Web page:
The truth is – power supply units supply power per a component’s needs. Additional power can’t be sent forcefully to components, so it doesn’t hurt to get a high-wattage PSU, just in case you upgrade components in the future, and they need more power. You should focus on quality PSUs instead. Avoid cheap units as well as those that come with very little to no information. Poorly built units are usually to blame for this myth. Instead, buy 80+ standard/bronze efficiency-rated units that have enough wattage for your current components and leftover just in case you upgrade components in the future.

Myth 6: More RAM = Increased PC performance

Novice PC gamers may be tempted to go for more RAM to boost performance. This shouldn’t be the case. Adding RAM won’t make your PC at par with some of the fastest PCs today. More RAM should only be considered if your workload is being limited solely by low RAM. Otherwise, you’ll need to go beyond getting more RAM to boost performance.

Myth 7: More Cores translate to a faster PC

Like RAM, cores aren’t the most/only important thing. Cores are separate execution units allowing computers to run many different programs simultaneously. However, having more cores in isolation doesn’t help much. Single-threaded applications can’t run more than one core simultaneously. So, it doesn’t really matter how many cores you have. As a result, a faster 4-core CPU will be faster than a slow 8-core CPU. Most single-threaded applications won’t take advantage of additional cores. A quad-core CPU will be slower than an octa-core PC with identical speeds. As a result, CPU speed is as important as the number of cores.

Myth 8: Overclocking compromises durability

Overclocking parts (increasing their output) reduces their lifespan. This isn’t necessarily the case. Overclocking components can increase performance. However, it also increases thermal output, increasing the need for additional cooling. If you have plans for sufficient cooling, overclocking won’t reduce the lifespan of your computer components. However, excessive heat will accelerate wear and damage to PC components.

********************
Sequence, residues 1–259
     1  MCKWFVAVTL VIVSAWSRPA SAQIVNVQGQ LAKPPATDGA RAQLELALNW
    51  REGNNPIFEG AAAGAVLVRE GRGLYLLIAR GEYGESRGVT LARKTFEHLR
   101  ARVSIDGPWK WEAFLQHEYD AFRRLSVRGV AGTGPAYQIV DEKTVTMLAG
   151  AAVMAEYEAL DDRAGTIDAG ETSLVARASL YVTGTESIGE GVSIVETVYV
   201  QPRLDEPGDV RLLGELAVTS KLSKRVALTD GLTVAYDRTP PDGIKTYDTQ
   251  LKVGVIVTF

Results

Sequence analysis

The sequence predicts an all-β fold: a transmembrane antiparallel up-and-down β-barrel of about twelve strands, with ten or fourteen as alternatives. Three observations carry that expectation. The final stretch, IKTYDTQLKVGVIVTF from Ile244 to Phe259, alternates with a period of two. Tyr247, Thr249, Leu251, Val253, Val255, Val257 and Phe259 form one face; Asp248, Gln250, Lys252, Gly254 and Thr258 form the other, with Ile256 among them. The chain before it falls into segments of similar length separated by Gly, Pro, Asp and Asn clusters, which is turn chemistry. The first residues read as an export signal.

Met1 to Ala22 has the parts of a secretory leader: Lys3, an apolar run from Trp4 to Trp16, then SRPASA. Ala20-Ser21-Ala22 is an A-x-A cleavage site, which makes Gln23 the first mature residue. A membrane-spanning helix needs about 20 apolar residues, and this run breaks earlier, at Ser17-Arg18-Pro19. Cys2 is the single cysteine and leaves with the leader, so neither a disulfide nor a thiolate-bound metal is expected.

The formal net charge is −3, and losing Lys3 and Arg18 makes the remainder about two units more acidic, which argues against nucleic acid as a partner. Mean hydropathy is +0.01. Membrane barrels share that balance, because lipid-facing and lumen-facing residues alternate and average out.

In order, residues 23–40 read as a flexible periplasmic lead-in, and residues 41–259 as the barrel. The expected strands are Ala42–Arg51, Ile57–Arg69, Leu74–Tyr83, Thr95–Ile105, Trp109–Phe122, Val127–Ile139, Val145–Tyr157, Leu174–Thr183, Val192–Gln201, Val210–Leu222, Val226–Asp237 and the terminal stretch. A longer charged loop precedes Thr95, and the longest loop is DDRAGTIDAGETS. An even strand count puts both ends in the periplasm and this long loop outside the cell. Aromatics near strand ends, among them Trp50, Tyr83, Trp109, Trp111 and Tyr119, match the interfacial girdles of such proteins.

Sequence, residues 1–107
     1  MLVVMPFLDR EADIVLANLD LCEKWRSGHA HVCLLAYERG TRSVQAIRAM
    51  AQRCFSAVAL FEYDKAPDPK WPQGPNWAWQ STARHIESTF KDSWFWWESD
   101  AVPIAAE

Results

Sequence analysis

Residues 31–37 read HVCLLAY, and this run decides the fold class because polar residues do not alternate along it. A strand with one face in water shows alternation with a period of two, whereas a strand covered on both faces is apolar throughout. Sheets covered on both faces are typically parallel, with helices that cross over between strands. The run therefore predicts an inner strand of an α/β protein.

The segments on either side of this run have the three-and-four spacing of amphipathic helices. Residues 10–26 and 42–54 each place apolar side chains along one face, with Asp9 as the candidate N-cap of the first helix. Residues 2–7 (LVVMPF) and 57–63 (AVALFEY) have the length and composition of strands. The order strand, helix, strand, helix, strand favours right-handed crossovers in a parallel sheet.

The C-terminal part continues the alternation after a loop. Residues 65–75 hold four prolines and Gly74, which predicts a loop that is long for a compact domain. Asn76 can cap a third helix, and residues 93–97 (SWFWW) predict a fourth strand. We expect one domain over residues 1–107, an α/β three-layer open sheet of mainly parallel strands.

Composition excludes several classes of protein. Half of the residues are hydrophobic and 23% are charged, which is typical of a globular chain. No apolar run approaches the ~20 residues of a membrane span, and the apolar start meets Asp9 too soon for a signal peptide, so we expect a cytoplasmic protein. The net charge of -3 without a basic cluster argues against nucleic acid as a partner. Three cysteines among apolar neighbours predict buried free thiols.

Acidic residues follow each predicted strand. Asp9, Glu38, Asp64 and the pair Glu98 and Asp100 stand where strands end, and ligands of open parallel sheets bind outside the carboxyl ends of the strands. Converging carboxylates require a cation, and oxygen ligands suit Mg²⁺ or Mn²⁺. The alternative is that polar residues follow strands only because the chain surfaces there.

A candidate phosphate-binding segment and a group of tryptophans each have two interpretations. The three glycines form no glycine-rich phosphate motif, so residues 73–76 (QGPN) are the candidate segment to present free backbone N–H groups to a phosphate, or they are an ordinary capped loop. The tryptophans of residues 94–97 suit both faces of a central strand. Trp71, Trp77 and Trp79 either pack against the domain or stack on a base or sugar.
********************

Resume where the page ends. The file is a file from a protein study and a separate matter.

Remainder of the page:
Myth 9: Cables suffocate airflow

There’s a misconception that airflow can be interrupted by too many cables. However, this isn’t necessarily the case. Airflow remains constant unless physical objects block the PC case intake. While it’s good practice to manage cables, you need more than thought besides untidy cables to suffocate airflow in your internal components.

There you go! There are many misconceptions about building the best computer systems. Many people shy away from custom/prebuilt computers because of misinformation. Don’t let the benefits of custom-building your own PC or buying a prebuilt surpass you because of common myths.

Most importantly, you don’t have to build your first video game system 100% on your own. You can borrow the knowledge of professionals from Skytech. You can avoid the tedious, time-consuming, and expensive process of building your first PC through trial and error by choosing prebuilt computer from Skytech – a renowned custom gaming PC company.

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Mark III